Isaac Kaplan

"Is it any wonder I've got too much time on my hands?"

Tuesday, June 01, 2004

MEDIA NATION: Finally, a JO article I agree with!

I'll be honest. I am not a fan of the Jewish Observer. Firstly, it's their views that I can't stand. I agree with their take about as often as I agree with the New Yorker and the Nation. Secondly, I just find many of their articles to be bores. I once saw a cover story about how the Israeli government is cutting funds from Yeshivos. I was thinking, "oh, what will the Jewish Observer say about this? Will they argue for it?" Some of these articles are as predictable as a Full House rerun. And other articles just don't interest me. Articles on Megillas Rus, Succos, etc. are generally ridiculously long-winded and NOT engaging. I'll take out a sefer instead. The book reviews are pathetic; they're as pareve as it gets.

Okay, enough ripping the JO. Time to give credit where credit's due. This month, the cover story was about general studies. I figured, "okay, more complaining about schools making boys read Romeo & Juliet and hiring non-frum teachers who make dirty jokes." But I was pleasantly surprised by an article by a Rabbi from Chicago on discipline during general studies. Here are the main points.

1) Discipline systems should treat infractions during Hebrew and English EQUALLY.

2) Teach children the importance of derech eretz and the gravity of making a chillul Hashem.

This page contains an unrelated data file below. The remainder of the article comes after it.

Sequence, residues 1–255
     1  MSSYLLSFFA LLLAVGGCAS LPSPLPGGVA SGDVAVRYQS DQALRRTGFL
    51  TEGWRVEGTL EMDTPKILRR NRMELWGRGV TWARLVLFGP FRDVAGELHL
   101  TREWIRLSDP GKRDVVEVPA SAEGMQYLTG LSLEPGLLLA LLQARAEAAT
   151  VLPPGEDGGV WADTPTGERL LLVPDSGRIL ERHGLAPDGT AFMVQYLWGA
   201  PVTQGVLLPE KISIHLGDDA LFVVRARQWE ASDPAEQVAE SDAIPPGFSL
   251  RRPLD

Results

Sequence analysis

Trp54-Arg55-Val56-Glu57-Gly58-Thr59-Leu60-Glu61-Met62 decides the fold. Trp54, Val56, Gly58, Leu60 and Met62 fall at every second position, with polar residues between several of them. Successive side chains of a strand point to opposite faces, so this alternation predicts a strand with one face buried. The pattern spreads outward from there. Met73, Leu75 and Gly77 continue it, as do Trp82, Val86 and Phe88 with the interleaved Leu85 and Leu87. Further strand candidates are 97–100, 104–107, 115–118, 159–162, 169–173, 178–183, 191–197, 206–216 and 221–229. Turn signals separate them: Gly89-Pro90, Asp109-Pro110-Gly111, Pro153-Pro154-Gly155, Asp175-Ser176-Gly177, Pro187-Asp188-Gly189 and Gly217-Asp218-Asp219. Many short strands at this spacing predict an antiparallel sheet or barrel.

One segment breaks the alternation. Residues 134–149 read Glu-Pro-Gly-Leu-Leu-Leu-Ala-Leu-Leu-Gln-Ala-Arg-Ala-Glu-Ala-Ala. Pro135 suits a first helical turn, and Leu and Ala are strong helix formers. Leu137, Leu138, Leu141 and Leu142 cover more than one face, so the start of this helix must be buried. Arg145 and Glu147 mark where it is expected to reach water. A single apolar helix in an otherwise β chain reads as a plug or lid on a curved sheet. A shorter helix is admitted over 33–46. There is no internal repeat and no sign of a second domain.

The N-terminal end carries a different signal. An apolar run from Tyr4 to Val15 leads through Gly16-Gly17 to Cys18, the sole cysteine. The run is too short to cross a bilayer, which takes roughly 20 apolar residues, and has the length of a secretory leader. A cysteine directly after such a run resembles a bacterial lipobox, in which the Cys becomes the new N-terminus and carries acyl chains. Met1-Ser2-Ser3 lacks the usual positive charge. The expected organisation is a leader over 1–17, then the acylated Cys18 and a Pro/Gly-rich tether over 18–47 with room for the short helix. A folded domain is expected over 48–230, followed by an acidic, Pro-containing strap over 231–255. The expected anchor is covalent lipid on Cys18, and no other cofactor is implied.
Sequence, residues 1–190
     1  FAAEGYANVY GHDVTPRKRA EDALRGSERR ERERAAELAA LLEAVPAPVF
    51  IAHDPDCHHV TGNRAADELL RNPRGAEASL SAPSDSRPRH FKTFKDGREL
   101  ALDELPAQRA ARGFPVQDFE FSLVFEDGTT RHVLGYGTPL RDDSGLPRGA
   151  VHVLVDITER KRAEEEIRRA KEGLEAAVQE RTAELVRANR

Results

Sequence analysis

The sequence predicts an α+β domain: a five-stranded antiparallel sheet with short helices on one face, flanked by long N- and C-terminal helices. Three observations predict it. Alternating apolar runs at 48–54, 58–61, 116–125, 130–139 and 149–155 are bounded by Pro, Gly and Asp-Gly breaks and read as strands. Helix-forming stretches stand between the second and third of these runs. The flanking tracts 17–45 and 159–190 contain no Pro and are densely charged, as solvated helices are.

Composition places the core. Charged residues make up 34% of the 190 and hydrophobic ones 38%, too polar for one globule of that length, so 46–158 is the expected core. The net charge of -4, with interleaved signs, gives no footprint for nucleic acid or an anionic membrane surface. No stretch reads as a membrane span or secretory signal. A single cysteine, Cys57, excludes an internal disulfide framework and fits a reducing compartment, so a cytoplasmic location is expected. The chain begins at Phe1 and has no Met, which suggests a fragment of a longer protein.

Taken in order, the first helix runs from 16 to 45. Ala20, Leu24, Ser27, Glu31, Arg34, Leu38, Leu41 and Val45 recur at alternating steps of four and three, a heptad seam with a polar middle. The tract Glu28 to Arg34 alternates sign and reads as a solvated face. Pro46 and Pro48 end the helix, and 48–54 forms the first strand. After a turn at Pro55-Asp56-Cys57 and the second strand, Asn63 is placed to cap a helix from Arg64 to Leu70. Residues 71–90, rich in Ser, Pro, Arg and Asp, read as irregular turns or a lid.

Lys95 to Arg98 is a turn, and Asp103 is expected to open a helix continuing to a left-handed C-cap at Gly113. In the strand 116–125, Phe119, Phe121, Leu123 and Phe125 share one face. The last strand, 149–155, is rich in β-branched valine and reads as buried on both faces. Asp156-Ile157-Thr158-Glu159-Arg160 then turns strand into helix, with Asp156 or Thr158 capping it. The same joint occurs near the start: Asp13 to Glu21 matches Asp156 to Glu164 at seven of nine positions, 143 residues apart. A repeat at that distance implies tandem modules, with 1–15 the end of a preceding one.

3) Reinforce the importance of secular studies. English is vital for improving communication skills, math is necessary for gemaras in Eruvin and Sukkah, etc.

4) Lift the salary and morale of the secular staff.

I've been waiting for a while for the yeshivish to address these issues, and was pleasantly surprised by the JO.

My only beef with the article is that I believe that while such changes can be implemented in a place like Chicago, on the other hand, a place like New York, with its schools' intense PR wars, will be harder to budge. There is less competition between schools out-of-town. In Brooklyn, I believe that some people have become so extreme to the point where they would be turned off by a school that has a solid secular studies program. Any school with an English department may end up with a bad reputation. "You mean these kids are actually spending time listening to an English teacher instead of (hopefully) learning? Terrible!" Nobody is minimizing the importance of Torah. But, as our sages said so eloquently, "No bread, no Torah!"

Just when I thought JO was turning the page, there was an article about a suggested curicullum that featured no homework. Oh please. And the Montreal Expos are winning the World Series this year. Get real, people.


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